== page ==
The Importance of Flag and Pennant Setups

Achieving consistency doesn't have to be a guessing game. If you're a savvy, investor, you're always looking for an edge that puts the odds in your favor.

Bollinger bands, MACD, RSI, WIlliams' %R are all indicators that cn help you identify potential reversals with 80 percent accuracy.

There are also some chart patterns that can help you identify possible breakourt and reversal setups.

Today, we are going to take a closer look at flag and pennant setups.

Take Amgen (AMGN), for example.

On a pullback to $165 a share in May 2018, the stock found and held the same support line dating back to August 2018. Each time it falls to that level, support sends it back up.

Just drawing a support line, however would not have caught that potential move higher.

There are literally hundreds of setups to be well aware of, including pennants and flags.

The Bull and Bear Flag

A flag pattern can show up in the middle of a trend and often give you another opportunity to buy. Typically, a flag will show up when the price of a stock moves up (bull) or down (bear) in a strong trend, but then pauses.

The price of the stock will then trade sideways in a narrow, sometimes sloping range. Drawn trend lines will represent support and resistance, as the stock is narrowing will form a rectangular shape – much with the look of a flag.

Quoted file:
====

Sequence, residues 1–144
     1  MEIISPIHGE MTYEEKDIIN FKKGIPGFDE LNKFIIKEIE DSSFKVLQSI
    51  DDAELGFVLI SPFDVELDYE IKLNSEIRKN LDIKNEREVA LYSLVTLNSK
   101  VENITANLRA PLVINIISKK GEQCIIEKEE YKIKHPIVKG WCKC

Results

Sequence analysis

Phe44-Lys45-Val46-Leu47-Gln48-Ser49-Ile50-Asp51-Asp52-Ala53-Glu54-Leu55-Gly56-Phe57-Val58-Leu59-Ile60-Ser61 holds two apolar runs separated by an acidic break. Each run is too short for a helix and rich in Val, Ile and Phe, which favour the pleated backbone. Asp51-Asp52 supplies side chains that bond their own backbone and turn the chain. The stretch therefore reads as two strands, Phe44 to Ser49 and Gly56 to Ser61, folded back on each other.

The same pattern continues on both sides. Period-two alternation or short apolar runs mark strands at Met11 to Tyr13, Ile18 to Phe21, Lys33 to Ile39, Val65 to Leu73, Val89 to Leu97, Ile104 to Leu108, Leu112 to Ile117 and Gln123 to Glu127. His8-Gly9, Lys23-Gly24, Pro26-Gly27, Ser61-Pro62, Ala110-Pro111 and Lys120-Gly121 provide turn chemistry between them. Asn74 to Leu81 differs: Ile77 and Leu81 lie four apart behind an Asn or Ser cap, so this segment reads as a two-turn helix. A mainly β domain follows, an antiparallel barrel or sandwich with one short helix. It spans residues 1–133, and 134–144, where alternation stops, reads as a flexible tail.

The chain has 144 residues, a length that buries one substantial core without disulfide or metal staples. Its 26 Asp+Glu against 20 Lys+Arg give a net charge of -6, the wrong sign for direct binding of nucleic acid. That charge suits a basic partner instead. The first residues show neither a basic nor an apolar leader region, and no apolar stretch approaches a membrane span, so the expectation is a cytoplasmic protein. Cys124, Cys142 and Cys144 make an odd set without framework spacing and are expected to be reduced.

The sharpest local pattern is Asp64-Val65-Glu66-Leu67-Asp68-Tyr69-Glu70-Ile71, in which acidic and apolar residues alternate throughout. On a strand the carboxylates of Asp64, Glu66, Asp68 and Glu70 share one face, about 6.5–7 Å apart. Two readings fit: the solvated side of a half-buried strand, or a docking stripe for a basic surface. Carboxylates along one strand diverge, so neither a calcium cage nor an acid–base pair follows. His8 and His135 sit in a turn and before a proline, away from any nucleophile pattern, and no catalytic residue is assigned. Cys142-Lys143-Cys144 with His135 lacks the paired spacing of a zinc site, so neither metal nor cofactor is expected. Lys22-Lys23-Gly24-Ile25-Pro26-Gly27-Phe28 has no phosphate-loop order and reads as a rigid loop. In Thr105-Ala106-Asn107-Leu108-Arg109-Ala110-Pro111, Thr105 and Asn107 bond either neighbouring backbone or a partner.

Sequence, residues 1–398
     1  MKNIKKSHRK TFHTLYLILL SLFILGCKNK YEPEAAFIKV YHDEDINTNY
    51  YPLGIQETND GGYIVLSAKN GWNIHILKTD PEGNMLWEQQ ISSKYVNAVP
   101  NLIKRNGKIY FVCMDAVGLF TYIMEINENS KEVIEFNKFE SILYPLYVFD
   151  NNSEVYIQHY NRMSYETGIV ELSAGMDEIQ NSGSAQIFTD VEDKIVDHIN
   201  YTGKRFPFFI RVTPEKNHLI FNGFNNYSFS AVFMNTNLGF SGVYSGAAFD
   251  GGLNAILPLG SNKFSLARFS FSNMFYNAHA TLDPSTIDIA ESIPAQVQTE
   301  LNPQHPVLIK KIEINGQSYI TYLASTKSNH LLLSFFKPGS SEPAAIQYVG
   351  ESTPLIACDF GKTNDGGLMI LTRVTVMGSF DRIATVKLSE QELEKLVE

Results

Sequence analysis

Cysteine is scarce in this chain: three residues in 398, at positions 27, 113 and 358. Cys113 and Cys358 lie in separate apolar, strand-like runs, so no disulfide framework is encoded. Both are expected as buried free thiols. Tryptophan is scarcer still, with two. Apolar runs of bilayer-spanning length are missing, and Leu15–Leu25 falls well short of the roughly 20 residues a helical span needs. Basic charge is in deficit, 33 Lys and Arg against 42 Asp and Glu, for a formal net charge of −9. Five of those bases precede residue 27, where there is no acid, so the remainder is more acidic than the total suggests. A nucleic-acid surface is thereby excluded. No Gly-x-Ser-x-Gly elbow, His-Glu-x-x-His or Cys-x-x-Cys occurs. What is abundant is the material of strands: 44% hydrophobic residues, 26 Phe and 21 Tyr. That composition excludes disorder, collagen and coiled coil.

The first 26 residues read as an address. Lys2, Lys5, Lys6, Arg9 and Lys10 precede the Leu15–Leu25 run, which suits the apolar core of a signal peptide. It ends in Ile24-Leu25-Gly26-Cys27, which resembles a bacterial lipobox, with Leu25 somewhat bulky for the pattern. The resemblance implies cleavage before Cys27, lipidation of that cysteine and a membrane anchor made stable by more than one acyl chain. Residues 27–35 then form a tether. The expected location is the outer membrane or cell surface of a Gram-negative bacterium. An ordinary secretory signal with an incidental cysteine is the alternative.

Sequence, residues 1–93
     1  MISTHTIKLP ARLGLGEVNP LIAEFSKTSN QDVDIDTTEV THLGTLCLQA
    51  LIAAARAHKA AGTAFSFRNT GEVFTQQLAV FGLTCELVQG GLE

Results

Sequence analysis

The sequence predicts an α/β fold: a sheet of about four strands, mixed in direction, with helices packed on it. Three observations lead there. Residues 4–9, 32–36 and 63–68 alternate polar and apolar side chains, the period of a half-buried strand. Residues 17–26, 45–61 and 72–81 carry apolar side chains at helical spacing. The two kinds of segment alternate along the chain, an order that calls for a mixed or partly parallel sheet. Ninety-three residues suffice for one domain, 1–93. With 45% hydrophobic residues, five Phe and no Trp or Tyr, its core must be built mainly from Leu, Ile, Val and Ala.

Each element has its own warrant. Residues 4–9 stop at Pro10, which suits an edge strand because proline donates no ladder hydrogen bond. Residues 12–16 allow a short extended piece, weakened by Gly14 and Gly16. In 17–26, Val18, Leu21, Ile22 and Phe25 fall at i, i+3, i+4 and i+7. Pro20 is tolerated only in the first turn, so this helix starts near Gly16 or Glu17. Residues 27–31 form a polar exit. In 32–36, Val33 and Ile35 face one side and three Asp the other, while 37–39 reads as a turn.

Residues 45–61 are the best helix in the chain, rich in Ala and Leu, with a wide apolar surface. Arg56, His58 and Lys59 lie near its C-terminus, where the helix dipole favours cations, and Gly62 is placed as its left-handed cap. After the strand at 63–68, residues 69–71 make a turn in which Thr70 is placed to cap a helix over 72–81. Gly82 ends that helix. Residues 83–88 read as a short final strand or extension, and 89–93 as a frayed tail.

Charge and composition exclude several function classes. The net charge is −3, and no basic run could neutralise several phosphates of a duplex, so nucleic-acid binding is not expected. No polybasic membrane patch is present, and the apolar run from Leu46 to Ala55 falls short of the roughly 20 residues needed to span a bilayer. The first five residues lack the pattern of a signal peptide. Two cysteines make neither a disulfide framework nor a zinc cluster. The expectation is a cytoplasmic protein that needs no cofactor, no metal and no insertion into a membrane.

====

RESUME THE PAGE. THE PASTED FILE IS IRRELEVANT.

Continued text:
Eventually, the price will break out of the flag pattern and continue the original paused trend.  However, as with any other technical pattern, there’s no such thing as a perfect indicator. That being the case always be sure to confirm your findings and wait for confirmation of potential trend change.

With the flag pattern, we have a bull and a bear flag.

The bullish flag pattern resembles a flag on a pole. The pole is a result of a vertical rise in the stock with the flag resulting from a period of consolidation. 

We can see this briefly in JD.com Inc. (JD), for example.

With a bearish flag, you’ll find these in a down trending stock. The pattern looks like an inverted flag on a pole followed by a period of consolidation.

The Pennant Formation

This setup looks like a symmetrical triangle, where support and resistance lines begin to converge towards one another.  It’s viewed as a continuation pattern.  For example, we can see it briefly in this chart of the Amgen (AMGN) again.

Some of these patterns may sound ridiculous for sure.

But they’ll also point you in the right direction where to make the quickest returns.

 

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